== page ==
Not just yet
Ahead of the official gross domestic product (GDP) report this week, Moody’s Analytics estimated the economy may have grown by 6.8 percent in the second quarter, putting the government’s full-year projection of 7 percent within reach.
Socioeconomic Planning Secretary Ernesto M. Pernia also gave his own thoughts on the matter, saying the country’s GDP may have “likely accelerated to 6.8 percent in the second quarter, compared with 6.4 percent in the opening three months of the year.” He noted, however, it would be “slower than that of April-June 2016 [which was at 7 percent].”
Pernia said the booster “will come from exports,” which have been “expanding rapidly in recent months largely because of stronger shipments of electronics.”
The government said merchandise exports grew for the seventh straight month in June. First half sales grew to $31.04 billion, up 13.6 percent from last year’s $27.33 billion. This was also more than double the government’s 5-percent growth projection for 2017.
To recall, Moody’s Investors Service, a sister company of Moody’s Analytics, affirmed in late June the country’s “Baa2” credit rating. This is a notch higher than the minimum investment grade assigned on the basis of a debtor’s ability to pay. The upgraded score likewise gave the Philippines an indicative outlook of “stable” or a rating “unlikely to change over the next two years.”
Moody’s Investors Service said this was on the back of the Philippines’ economic and financial stability notwithstanding “weaker worldwide governance indicators as compared to other investment grade countries.”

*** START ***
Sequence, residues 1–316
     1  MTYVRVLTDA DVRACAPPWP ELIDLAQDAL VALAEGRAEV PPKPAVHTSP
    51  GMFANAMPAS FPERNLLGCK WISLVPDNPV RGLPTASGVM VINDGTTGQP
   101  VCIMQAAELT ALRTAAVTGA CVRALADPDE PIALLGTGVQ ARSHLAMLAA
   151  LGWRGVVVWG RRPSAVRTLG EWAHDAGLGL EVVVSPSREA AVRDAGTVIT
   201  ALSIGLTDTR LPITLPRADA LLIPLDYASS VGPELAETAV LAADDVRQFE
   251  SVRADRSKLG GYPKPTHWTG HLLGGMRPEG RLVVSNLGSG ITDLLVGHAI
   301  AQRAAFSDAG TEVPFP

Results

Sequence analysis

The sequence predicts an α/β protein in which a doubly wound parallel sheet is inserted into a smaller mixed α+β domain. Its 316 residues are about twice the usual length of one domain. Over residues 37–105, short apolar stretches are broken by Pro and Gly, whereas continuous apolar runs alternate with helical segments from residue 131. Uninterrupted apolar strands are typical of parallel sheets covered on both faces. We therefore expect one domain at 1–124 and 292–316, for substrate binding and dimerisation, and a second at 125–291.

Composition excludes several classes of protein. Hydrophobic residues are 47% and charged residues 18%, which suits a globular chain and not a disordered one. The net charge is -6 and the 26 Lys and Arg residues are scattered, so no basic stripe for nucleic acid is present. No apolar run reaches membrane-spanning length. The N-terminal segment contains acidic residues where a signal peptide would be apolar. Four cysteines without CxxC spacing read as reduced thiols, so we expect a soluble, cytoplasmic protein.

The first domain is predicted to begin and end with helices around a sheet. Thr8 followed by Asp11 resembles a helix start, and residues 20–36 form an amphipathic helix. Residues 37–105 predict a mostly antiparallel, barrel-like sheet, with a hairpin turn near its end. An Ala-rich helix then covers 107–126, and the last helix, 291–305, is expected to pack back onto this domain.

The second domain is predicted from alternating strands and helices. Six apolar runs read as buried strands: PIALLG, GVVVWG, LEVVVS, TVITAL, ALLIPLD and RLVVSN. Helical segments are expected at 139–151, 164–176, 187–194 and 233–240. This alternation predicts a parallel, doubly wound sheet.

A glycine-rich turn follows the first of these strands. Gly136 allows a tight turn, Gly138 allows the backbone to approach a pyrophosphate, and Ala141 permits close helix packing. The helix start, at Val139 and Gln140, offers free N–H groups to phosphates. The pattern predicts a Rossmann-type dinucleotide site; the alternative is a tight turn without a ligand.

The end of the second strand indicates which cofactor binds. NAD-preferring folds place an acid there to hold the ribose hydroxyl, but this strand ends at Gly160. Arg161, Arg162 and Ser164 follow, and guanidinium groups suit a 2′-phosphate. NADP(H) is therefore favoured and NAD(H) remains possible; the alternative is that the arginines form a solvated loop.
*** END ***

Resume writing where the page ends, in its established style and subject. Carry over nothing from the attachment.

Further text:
Moody’s Investors Service further said it expected Philippine GDP “growth to be sustained at above 6 percent per year over the next two years, driven largely by the private sector.”
Last week, Moody’s Analytics’ also made note that “domestic factors have remained conducive to strong growth.” It cited the following: Private consumption will grow rapidly in the foreseeable future, incomes will continue to rise and demographics will remain to be favorable.
It also said investments would also expand rapidly, supported by a mix of private and government projects.
Bottom line spin
Analysts estimate that the increase in the prices of widely used goods and services may hit 3.1 percent in 2017 and 3.4 percent in 2018. The government, however, sees inflation at an average of 3.2 percent in 2017 and in 2018.
Still, the estimates are within the anticipated 2-4 percent target range for the next two years.
While the Bangko Sentral ng Pilipinas (BSP) has kept monetary policy unchanged for the 23rd straight Monetary Board meeting, or since September 2014, it is expected to “hike policy rates by three to four times in 2018.” The US Federal Reserve is likewise expected to raise interest rates three times in the same year.
Currently, interest rate for overnight lending is at 3.5 percent, 3 percent for overnight reverse repurchase and 2.5 percent for overnight deposit.
The policy changes would have some negative impact on the economy’s development. These could drive down the country’s growth prospects down to 6.5 percent for 2017 and 6.6 percent for 2018.
Asia, meanwhile, is expected to grow by 6.1 percent before slowing to 6 percent in 2018. Global economic expansion is likewise projected to grow at 3.1 percent and 3.3 percent, respectively, in those two years.
With all the economic and geopolitical threats that have yet to crop up, the government’s higher initial targets could still be compromised.
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